Olympic Medical Center to hire extra staff for electronic records launch
By Rob Ollikainen
Peninsula Daily News
Print This | Email This
Most Popular this week
UPDATED — 'Turned out to be nothing,' say police, about anonymous threat that restricted Jefferson County Courthouse access
Hospital commissioners voted 7-0 Wednesday to spend a maximum of $850,000 on the temporary workers, who will relieve OMC staff as they are trained on the Epic system over the next eight weeks.
The Port Angeles hospital and all of its clinics will “go live” with electronic health records May 4, a Saturday.
“We’ve have had so much activity behind the scenes with our training,” said Deby King, Epic implementation manager.
More than 100 “super users,” including 40 nurses, were pulled from their day-to-day duties for training March 11.
An additional 200 nurses will begin “end user” training along with other OMC staff Monday.
Provider boot camps and workshops are scheduled throughout April.
“In order to support all of this training, we are needing to supplement with travel nurses,” said Lorraine Wall, OMC chief nursing officer.
“We’re currently working with five different agencies, so it’s been multiple calls. We’ve done all of our own interviewing and scheduling and whatnot, so we feel very fortunate to have the 26 nurses that we were able to get.”
$1.8 million conversion
OMC budgeted $1.8 million for the conversion to the single-database system.
Epic also is used by OMC’s Seattle-based affiliate, Swedish Medical Center, and about 80 percent of the hospitals in Western Washington.
Providence Health & Services, a Swedish partner, is helping OMC, Jefferson Healthcare and several other Northwest hospitals convert to Epic.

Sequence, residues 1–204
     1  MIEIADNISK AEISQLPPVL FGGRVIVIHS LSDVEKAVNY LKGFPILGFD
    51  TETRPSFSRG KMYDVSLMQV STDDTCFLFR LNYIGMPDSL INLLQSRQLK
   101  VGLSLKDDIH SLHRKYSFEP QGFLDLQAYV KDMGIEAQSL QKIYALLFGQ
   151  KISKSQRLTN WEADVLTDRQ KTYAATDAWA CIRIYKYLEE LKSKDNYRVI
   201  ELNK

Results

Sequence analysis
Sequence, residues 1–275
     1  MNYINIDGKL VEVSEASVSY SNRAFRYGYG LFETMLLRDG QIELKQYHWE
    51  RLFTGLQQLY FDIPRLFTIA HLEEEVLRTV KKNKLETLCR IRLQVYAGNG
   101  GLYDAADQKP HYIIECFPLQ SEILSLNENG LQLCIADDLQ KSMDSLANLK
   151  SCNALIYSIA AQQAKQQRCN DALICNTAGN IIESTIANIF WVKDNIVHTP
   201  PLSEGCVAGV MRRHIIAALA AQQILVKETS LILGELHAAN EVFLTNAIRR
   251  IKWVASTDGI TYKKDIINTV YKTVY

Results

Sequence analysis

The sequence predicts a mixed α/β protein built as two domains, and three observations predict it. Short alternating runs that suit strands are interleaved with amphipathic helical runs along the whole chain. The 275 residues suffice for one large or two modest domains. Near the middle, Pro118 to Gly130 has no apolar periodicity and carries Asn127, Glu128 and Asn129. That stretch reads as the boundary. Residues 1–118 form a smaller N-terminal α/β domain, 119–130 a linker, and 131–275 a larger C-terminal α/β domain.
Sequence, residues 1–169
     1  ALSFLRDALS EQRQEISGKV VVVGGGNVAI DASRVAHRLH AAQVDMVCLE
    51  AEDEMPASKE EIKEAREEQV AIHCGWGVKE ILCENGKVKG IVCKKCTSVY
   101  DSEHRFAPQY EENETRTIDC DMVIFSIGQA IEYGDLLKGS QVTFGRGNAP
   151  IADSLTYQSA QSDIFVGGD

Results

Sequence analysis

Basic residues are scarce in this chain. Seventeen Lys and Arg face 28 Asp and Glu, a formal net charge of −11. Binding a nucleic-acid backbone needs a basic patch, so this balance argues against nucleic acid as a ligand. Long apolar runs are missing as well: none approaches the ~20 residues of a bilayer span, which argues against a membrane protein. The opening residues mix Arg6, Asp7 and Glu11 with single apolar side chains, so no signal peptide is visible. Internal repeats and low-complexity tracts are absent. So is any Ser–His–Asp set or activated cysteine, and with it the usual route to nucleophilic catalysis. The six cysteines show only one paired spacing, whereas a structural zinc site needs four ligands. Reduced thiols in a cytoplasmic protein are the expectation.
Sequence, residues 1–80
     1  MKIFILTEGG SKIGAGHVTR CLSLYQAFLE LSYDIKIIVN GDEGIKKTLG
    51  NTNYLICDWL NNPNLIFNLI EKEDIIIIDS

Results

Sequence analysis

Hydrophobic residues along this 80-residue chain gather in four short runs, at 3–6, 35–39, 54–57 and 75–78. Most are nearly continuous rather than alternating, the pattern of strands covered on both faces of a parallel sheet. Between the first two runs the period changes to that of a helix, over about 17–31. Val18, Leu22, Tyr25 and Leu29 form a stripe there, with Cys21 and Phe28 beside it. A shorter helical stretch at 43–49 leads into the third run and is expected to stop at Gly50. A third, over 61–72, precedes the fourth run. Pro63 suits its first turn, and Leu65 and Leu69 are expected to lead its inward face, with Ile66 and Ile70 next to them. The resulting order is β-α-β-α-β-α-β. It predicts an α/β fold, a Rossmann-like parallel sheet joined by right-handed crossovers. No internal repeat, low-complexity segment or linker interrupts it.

Wall told OMC commissioners that the cost of the temporary nurses includes food, lodging and gas.
“They’ve all agreed to a minimum of an eight-week contract,” she said.
“It’s about $24,000 per eight-week assignment, and those are for 12-hour shifts.”
OMC hopes to hire as many as 36 temporary nurses to keep patient-to-nurse ratios down during the training period and for the first two weeks after the launch.
“One of the big challenges, of course, is we don’t know what the census is going to be,” said Eric Lewis, OMC chief executive officer.
“On a given week, our census can go from 25 to 60. We’ll keep trying to fill as many of those positions as possible.”
Lewis said there are “at least a dozen hospitals” in the Pacific Northwest switching to Epic in the next few months, which has put temporary nurses in high demand.
“We are also going to be offering extra incentive to [OMC] nurses if they are willing to work extra during this time so that they can help support the staffing ratios that we would like to meet,” Wall said.
King said the training so far has gone well.
“We have 18 credentialed trainers now,” she said.
“And this was a really great program that Providence brought to the Peninsula so that we could actually have folks in our system that are credentialed to train new staff. Otherwise, we’re sending new staff over to one of the Providence locations to get trained.”
Hospitals that achieve a “meaningful use” of a certified electronic health records system by July 1 are eligible for federal financial incentives.
OMC, for example, expects to recoup the $7.6 million it spent on the software while improving patient care.
The technology will enable a provider on the North Olympic Peninsula to send a medical chart to any other hospital on the Epic system, resulting in greater patient convenience and quality of care.
Hospitals that choose to stay on paper records stand to lose 1 percent of their Medicare reimbursement in 2015, followed by a 2 percent cut in 2016 and a 3 percent hit in 2017.
Reporter Rob Ollikainen can be reached at 360-452-2345, ext. 5072, or at firstname.lastname@example.org.
Last modified: March 21. 2013 5:42PM